Abu Bakr Muhammad ‘ Abdallah ’ Ayyash al- Hassar

1 / 9

# Abu Bakr Muhammad ‘ Abdallah ’ Ayyash al- Hassar - PowerPoint PPT Presentation

Abu Bakr Muhammad ‘ Abdallah ’ Ayyash al- Hassar. Al-Hassar. Brief History.

I am the owner, or an agent authorized to act on behalf of the owner, of the copyrighted work described.

## PowerPoint Slideshow about 'Abu Bakr Muhammad ‘ Abdallah ’ Ayyash al- Hassar' - gardenia

Download Policy: Content on the Website is provided to you AS IS for your information and personal use and may not be sold / licensed / shared on other websites without getting consent from its author.While downloading, if for some reason you are not able to download a presentation, the publisher may have deleted the file from their server.

- - - - - - - - - - - - - - - - - - - - - - - - - - E N D - - - - - - - - - - - - - - - - - - - - - - - - - -
Presentation Transcript

### Abu BakrMuhammad ‘Abdallah’ Ayyash al-Hassar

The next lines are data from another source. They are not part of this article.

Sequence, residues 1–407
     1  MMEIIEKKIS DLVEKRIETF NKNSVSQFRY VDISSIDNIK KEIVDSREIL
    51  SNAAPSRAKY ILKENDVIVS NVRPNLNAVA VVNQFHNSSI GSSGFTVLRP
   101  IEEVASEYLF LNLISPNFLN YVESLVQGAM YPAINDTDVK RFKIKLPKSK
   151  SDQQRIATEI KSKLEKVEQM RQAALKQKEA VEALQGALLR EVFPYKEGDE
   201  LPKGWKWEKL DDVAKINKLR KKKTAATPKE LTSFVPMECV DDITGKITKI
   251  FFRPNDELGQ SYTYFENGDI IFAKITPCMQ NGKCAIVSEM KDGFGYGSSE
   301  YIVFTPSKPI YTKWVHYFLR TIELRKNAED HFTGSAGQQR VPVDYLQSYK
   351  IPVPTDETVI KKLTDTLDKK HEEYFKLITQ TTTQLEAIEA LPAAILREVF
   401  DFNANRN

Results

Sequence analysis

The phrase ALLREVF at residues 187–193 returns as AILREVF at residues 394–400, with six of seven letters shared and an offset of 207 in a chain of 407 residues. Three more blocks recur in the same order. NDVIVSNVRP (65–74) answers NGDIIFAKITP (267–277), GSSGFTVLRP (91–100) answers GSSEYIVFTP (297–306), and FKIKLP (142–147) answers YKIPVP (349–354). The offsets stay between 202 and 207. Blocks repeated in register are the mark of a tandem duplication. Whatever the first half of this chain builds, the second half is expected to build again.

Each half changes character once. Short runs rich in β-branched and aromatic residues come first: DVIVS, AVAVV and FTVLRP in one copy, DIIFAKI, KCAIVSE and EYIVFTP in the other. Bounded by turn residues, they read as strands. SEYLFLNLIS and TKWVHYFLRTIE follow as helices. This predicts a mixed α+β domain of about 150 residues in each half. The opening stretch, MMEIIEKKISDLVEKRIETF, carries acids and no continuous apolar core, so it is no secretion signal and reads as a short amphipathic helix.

Al-Hassar

Brief History

Al Hassar was believed to have lived during the 12th century. He specialized in Islamic Inheritance Jurisprudence and was from the Maghreb (region of North Africa). It was believed that he taught mathematics in the city of Septa, located in Africa.

He is known to develop the modern symbol for fractions, which is the use of a horizontal line (―) where the numerator and denominator are separated.

Two Surviving Works

1. Book of Demonstration and Memorization:

Calculation manual dealing with arithmetical operations on whole numbers.

2. Complete Book on the Art of Numbers:

It discusses about the breakdown of a number into prime factors, on common divisors and on common multiples.

* Only 1 of the 2 volumes presently exists.

--- Information from the encyclopedia of the History of Science, Technology, and Medicine

Basically

Al Hassar enjoyed breaking down whole numbers to create equivalent forms, fractions.

Fractions Handout Instructions:

1. Identify the fractional pattern in the left hand column. Continue the pattern using fractional names.

2. In each row, use the colour markers provided to shade in the desired number of boxes:

*Column 1 and 2 colour one box

*Column 3 and 4colour two boxes

*Column 5 and 6colour three boxes

*Column 7, 8, and 9colour five boxes

3. Write, in the right hand column, the fractional form of what your coloured boxes represent.

4. Identify any equivalent fractions found on your handout.

“Hall Pass to Next Class”

Write in your own words (discussing with shoulder partners) a definition of Equivalent Fractions, and draw a picture of equivalent fractions.